“There are lots of different species of animals that have rainforest versions of themselves,” says Roddy, driving our bus up from Cairns towards Cape Tribulation and on to Port Douglas, skirting the edge of and then cutting right through the forest. “We have big lace monitors in here, which is like a smaller version of the komodo dragon.”
Roddy was one of the Cairns bus drivers who was actually interesting. In and around Cairns, they seem unable to drive without giving a commentary throughout. Most of them made me wish a komodo dragon would come flying through the driver’s-side window, however, Roddy (of Tropics Explorer, www.tropicsexplorer.com.uk) knew his stuff and so listening to him was fascinating.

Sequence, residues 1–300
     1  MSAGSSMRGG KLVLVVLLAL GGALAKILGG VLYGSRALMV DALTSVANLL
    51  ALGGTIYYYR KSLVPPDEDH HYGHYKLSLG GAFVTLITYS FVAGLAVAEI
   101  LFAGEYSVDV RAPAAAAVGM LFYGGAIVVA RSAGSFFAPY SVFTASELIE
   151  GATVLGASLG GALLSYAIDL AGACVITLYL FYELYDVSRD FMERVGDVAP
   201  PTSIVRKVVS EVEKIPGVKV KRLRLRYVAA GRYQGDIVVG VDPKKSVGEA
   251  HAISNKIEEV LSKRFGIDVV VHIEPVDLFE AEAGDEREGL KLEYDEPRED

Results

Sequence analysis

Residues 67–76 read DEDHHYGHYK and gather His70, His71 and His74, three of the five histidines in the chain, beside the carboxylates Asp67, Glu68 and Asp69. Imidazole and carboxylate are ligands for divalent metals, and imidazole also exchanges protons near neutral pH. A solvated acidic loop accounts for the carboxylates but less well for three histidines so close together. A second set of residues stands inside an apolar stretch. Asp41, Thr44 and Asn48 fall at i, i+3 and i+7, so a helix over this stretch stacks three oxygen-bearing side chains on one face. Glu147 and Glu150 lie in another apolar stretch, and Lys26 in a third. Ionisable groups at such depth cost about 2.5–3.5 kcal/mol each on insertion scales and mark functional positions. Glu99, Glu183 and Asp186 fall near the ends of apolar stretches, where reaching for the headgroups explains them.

He took a group of us on a walk through the rainforest as the rain pummelled. He pointed out a female golden orb spider, a huge beast seen often in the Daintree. Males congregate on her huge web waiting until she is eating before they attempt to mate so as not to be eaten themselves.
What is incredible about the Daintree is that the rainforest comes to an abrupt end, at which point you find yourself on gorgeous white sand looking into crystal clear waters. This is often flaunted by Port Douglas brochures, and deservedly so. The only thing making it less than perfect is the concentration of venom in the waters.